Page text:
This is the biggest ever fine being enforced on a US-based tech, namely Google, for violating GDPR.
- The French data regulator has fined Google for not being transparent about its policies.
- CNIL has fined Google for failing to provide information retention period in some cases.
- CNIL has also fined Google for failing to obtain proper consent from users for personalized ads.
France’s data protection regulator, CNIL, has levied a fine of $57 million on Google for failing to comply with its data protection guidelines. This is the biggest ever fine being enforced on a United States-based tech company since the General Data Protection Regulation (GDPR) was enforced in the European Union (EU) in May 2018.
The French watchdog said that the search engine giant was being fined for two types of breaches under the GDPR. The regulator said that Google lacked transparency and that it didn’t made it easy for its users to determine how their personal data was being processed by the company. The regulator said that the relevant information, such as the data collected for the geo-tracking service or for personalisation purpose, was accessible only after several steps and that “some information was not always clear nor comprehensive”.
The regulator also said that besides being vague in describing the way it processed the user data, the Mountain View, California based company also failed to provide the information retention period in some cases.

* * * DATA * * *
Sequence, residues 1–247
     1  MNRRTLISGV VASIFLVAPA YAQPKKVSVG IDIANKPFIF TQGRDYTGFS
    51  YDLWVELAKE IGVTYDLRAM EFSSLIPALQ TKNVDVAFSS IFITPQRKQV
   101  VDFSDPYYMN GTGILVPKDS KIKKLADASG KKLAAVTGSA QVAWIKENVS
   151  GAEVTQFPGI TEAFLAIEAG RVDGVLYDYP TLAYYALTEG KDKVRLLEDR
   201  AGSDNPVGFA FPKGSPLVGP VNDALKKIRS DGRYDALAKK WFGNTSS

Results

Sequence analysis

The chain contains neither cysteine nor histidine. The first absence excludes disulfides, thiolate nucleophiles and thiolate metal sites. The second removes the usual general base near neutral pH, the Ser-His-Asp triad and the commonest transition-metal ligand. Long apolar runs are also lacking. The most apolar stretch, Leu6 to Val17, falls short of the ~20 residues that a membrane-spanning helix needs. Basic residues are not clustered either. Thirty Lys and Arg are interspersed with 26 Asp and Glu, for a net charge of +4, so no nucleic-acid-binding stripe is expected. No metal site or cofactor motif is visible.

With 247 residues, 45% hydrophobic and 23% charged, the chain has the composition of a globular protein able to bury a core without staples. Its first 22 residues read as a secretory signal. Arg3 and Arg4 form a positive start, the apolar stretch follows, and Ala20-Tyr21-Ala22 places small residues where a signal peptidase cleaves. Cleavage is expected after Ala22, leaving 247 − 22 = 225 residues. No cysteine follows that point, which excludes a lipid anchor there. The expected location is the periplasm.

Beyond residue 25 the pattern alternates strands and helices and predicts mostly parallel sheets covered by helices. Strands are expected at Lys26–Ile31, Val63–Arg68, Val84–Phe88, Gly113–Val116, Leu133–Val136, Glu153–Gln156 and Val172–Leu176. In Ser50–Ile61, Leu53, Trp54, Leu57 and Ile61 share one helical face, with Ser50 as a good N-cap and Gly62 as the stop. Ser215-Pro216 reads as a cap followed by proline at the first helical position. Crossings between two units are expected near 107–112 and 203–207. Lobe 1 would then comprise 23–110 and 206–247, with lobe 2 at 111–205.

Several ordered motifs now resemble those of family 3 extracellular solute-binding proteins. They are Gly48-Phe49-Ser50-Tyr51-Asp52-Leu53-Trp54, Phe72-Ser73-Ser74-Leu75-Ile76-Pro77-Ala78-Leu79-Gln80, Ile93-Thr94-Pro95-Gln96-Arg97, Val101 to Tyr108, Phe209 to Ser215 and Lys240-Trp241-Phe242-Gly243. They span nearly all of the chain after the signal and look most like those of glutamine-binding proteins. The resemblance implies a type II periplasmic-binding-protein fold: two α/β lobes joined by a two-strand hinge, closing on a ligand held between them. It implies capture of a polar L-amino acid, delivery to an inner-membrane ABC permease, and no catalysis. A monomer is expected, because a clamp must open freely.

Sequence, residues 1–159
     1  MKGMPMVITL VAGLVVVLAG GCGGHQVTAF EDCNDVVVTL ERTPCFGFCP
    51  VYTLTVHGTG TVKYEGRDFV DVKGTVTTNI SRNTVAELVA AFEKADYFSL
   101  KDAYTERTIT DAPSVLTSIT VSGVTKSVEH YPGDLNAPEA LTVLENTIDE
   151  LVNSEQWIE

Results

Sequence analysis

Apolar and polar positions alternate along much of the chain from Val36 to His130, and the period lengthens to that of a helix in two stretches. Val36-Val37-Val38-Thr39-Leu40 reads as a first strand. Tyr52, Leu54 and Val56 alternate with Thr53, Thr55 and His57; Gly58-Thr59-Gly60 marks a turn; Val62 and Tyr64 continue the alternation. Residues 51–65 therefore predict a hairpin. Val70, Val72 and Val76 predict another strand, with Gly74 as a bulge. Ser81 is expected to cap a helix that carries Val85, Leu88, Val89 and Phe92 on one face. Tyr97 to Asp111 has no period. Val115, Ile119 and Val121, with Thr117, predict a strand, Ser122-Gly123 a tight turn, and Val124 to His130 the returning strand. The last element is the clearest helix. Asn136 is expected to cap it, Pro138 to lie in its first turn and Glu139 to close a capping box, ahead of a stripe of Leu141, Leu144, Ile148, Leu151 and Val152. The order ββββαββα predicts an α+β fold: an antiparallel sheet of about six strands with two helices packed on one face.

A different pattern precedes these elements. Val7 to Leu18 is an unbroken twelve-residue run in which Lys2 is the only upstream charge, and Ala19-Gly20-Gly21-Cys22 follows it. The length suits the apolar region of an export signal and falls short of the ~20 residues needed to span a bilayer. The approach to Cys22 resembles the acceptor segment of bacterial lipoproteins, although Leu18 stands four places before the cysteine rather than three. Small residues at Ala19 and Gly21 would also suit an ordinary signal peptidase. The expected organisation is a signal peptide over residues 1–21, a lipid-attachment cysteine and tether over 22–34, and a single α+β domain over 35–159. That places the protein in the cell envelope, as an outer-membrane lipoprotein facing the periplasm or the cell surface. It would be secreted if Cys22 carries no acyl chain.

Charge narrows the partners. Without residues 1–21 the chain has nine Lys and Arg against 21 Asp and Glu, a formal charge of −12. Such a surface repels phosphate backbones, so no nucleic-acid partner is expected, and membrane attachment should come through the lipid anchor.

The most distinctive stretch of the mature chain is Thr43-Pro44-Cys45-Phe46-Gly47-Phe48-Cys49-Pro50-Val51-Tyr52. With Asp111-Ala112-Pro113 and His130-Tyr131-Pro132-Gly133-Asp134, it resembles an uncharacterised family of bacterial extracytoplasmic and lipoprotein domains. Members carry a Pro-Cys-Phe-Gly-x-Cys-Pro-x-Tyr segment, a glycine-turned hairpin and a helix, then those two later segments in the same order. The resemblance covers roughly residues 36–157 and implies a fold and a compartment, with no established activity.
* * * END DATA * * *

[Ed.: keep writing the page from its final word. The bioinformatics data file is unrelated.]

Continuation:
In the second set of GDPR violations, CNIL said that the tech giant didn’t obtain proper consent from its users to process their data for providing personalised ads. “The restricted committee observes that the users’ consent is not sufficiently informed…The information on processing operations for the ads personalization is diluted in several documents and does not enable the user to be aware of their extent,” the French watchdog observed.
For those of you who are unaware about the data protection guidelines that came into force in the EU last year, here are quick brief. The European Union adopted a set of strict guidelines to protect user data within its territory. These guidelines are some of the toughest regulations in the world and they enable the local data regulator to levy a fine of up to four per cent of a company’s global revenue. Additionally, they give the EU better control over their data, which includes right to knowing the data being collected about them by various entities and the right to be forgotten.
Meanwhile, Google, responding to the fine has said that it is committed to meeting GDPR norms. “We’re deeply committed to meeting those expectations and the consent requirements of the GDPR,” a Google spokesperson said, as reported by Reuters.